Standing on North Brink, overlooking the River Nene, stands Peckover House. It exhibits all the features of a Georgian town house - symmetry, clean lines and elegant proportions. It was given to the National Trust together with its garden by the Peckover family in 1943. Shall we look at the garden first?
The garden is a glorious mix of the formal and informal, winding paths, hidden gazebos and, this summer, some interesting small sculptures. Let the garden speak for itself....
Now it's time to go inside the house, though I actually took rather more garden photos than I've shown you here; they may well surface on "By Stargoose And Hanglands" some time during the depths of winter.
The house was actually built in 1722, before there were any Peckovers in Wisbech. Jonathan Peckover came to the town in 1777 with the aim of establishing a small grocery business. He soon acquired a reputation for honesty and reliability which led to other businesses trusting him to take care of their takings. He became a sort of unofficial banker in a town that, at that time, lacked banks.
He soon realised that banking could become a profitable venture and set up a more business-like enterprise. During the 1790s he bought Peckover House from which he also operated his bank. The building was known as Bank House for many years.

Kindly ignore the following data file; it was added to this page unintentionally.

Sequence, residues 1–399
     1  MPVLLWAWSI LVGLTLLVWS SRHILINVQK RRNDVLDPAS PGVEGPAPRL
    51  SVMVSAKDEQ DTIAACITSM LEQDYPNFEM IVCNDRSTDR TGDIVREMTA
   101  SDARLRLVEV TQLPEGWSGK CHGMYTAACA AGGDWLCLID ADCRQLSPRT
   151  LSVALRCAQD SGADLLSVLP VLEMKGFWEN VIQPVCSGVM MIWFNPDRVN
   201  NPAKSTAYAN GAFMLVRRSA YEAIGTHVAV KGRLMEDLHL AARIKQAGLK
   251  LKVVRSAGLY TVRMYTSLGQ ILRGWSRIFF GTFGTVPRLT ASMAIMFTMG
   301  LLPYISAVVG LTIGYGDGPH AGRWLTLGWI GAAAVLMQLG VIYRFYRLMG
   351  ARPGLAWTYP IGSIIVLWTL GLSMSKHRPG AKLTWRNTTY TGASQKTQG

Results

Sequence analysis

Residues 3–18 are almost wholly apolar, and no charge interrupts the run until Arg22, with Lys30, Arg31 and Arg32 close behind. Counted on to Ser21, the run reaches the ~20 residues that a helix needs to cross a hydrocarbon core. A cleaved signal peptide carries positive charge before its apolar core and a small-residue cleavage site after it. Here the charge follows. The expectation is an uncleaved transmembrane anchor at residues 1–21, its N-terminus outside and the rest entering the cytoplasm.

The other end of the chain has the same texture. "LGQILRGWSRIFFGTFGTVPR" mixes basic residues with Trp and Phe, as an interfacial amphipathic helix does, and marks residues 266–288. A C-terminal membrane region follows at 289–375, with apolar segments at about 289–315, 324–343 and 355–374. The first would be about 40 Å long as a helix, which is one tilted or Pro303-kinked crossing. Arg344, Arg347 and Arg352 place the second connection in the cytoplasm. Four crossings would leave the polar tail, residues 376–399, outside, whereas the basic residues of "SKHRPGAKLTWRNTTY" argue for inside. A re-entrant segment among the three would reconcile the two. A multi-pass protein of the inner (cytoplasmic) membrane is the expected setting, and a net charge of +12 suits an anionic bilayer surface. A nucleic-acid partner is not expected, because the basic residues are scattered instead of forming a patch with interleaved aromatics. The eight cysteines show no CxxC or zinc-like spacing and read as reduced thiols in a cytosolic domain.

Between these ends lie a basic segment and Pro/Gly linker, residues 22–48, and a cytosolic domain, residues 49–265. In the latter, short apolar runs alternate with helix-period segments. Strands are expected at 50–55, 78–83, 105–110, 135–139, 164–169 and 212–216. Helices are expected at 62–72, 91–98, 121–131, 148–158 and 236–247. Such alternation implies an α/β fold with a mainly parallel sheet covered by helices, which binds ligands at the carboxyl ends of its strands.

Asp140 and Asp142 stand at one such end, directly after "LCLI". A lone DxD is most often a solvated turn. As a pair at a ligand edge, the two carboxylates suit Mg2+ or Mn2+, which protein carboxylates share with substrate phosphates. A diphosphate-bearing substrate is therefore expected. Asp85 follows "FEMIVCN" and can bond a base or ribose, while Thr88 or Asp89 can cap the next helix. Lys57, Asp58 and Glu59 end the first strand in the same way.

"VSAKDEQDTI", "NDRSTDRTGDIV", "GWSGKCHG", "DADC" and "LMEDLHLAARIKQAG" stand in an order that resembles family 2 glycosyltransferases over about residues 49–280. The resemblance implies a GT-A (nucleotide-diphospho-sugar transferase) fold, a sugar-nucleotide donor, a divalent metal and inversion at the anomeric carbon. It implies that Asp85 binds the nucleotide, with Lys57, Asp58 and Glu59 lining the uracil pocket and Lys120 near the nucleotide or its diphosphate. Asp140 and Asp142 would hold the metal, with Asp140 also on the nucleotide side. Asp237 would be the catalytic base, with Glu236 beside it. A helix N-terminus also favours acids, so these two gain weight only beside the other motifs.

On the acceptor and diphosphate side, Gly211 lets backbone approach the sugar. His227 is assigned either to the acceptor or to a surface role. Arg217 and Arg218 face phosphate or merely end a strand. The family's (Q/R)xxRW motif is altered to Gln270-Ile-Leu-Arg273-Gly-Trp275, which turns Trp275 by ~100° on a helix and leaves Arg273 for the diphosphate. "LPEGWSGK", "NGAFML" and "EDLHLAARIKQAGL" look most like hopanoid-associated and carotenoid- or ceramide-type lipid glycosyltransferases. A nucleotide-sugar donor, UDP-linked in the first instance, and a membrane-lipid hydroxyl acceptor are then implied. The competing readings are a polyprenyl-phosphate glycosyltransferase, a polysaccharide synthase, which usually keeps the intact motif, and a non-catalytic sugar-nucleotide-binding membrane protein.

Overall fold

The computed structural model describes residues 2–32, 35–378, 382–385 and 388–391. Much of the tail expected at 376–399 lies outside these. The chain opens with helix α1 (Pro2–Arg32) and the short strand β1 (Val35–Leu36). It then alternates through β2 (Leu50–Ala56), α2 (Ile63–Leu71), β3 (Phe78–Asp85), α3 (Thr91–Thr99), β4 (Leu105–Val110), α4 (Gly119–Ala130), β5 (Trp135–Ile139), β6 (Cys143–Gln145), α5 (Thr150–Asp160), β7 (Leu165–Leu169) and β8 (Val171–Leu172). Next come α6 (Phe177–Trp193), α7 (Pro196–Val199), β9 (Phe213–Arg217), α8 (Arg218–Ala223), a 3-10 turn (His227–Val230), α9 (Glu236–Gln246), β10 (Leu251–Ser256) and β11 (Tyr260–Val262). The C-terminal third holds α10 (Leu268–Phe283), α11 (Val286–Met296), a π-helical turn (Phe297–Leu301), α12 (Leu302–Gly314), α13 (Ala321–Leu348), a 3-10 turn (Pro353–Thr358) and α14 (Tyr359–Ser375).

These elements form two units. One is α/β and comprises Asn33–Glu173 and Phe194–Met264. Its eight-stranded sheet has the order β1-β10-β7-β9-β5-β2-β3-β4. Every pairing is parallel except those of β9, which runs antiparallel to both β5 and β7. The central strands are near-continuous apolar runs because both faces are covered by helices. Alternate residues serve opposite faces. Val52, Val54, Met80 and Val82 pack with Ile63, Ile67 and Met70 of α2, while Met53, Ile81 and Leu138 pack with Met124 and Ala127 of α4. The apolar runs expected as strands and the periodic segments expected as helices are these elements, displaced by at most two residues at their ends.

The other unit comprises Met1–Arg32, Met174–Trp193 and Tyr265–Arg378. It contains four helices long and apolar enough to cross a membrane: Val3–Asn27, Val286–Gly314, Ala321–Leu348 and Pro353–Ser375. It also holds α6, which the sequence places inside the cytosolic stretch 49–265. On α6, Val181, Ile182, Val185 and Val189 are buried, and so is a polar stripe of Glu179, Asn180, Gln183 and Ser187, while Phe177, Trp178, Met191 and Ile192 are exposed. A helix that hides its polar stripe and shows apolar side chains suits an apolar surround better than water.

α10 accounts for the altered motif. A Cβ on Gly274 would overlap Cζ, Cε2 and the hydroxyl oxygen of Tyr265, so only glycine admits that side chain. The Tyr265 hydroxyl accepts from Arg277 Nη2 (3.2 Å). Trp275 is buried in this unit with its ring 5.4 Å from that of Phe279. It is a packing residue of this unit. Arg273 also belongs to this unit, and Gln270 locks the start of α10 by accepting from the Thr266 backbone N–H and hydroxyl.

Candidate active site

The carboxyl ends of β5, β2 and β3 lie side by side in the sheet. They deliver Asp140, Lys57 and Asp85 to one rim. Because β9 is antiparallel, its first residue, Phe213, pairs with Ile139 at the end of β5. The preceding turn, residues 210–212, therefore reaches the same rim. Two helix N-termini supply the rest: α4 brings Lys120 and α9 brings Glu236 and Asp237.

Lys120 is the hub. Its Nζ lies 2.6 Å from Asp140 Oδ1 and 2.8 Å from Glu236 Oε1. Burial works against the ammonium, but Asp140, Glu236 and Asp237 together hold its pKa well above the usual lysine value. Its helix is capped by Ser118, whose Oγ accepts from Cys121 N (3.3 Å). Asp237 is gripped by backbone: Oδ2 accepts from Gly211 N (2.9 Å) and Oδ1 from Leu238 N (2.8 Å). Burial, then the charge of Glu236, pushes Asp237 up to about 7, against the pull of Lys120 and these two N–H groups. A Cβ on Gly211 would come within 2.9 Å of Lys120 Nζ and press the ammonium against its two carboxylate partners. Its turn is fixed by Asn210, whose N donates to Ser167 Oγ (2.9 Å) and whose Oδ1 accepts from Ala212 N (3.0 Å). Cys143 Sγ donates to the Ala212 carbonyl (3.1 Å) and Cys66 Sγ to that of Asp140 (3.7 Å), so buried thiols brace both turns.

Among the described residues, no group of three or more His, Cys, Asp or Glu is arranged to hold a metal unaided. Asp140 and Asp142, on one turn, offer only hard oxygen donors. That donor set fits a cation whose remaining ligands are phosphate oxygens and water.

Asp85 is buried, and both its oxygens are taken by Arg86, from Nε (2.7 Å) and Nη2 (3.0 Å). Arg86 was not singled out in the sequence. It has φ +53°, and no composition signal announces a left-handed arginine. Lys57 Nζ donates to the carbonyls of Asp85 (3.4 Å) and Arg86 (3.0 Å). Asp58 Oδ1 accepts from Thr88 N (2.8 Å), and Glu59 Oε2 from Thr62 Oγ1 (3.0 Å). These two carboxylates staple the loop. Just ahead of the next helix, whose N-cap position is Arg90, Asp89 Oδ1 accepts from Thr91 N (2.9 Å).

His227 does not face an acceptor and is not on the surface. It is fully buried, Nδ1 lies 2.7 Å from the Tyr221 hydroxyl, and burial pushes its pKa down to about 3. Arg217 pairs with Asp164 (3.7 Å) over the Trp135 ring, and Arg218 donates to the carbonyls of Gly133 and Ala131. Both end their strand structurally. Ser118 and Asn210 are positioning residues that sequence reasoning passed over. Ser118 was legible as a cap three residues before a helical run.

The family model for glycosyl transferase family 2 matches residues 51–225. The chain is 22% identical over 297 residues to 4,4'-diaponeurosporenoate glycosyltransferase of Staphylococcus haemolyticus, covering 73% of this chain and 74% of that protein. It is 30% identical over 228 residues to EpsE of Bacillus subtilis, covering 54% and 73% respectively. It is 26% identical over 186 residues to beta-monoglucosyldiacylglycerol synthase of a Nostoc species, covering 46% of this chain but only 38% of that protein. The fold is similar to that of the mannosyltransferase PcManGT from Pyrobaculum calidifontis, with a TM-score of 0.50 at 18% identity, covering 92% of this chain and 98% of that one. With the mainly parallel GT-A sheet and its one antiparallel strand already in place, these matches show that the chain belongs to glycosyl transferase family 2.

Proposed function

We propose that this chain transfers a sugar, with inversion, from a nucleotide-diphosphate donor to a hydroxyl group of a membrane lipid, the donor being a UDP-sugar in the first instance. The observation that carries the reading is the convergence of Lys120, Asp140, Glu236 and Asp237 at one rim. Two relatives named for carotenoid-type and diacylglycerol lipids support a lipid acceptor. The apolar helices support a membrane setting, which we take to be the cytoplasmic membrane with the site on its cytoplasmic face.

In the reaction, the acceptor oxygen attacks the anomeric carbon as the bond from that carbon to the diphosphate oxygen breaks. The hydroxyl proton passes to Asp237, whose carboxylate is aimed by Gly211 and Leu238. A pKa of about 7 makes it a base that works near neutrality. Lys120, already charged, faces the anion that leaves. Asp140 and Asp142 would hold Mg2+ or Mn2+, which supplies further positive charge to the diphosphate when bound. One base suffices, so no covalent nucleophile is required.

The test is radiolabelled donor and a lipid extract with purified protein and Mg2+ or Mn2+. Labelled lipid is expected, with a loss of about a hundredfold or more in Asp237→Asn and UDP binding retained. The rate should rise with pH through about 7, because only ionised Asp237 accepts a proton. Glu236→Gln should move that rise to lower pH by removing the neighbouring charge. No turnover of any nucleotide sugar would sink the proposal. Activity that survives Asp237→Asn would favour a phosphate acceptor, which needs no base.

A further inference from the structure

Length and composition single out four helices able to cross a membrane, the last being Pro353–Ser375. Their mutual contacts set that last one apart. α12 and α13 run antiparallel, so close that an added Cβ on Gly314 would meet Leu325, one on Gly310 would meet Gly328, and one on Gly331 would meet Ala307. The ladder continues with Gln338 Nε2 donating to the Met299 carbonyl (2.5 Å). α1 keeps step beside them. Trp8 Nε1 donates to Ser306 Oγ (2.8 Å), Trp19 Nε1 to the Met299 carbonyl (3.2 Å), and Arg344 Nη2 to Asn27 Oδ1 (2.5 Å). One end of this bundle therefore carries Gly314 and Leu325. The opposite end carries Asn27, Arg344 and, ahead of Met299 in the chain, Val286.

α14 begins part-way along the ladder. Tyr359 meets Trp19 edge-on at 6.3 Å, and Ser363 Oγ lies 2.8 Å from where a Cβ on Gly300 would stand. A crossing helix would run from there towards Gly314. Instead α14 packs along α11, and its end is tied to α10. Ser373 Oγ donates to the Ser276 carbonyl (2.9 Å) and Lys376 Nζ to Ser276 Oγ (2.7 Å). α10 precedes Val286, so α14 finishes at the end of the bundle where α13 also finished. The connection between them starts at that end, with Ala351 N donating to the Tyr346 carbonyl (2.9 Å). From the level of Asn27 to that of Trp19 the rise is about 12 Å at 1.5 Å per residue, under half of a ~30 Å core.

Like many successful businessmen of that era, the Peckovers were Quakers. Their religious beliefs disqualified them from many other professions. The Quakers had no paid clergy, so religion offered no avenue for their skills. The military was not open to them as they were pacifists. Since they disagreed with the Church of England many professions such as Law and Medicine were also no go areas. That left business. And their reputation for fairness and honesty meant that many succeeded in that field.
Subsequent generations of the family supported many institutions in Wisbech including the Museum and the Working Men's Institute. Their philanthropy also extended to the campaign to abolish slavery, pacifism and the provision of educational facilities in the town.
In the 1890s the family sold off their banking interests but continued living in the house till 1943 when Alexandrina Peckover, the last descendant of Jonathan Peckover, gave the property to the National Trust. Unfortunately much of the best furniture was sold or given away and the Trust has had to re-furnish the rooms in the style of the day.
"Below stairs" though, most of the kitchen equipment was thought of as of little value so it remained in place. I was impressed with the fine kitchen range, which must have been, excuse the pun, top of the range in its day. Many of the surfaces were enamelled which must have made it easier to clean, though the many controls and dampers must have taken time to master.
And finally the Butler's pantry with its leaded sink. And so farewell to Peckover House and to Wisbech. For the time being at least.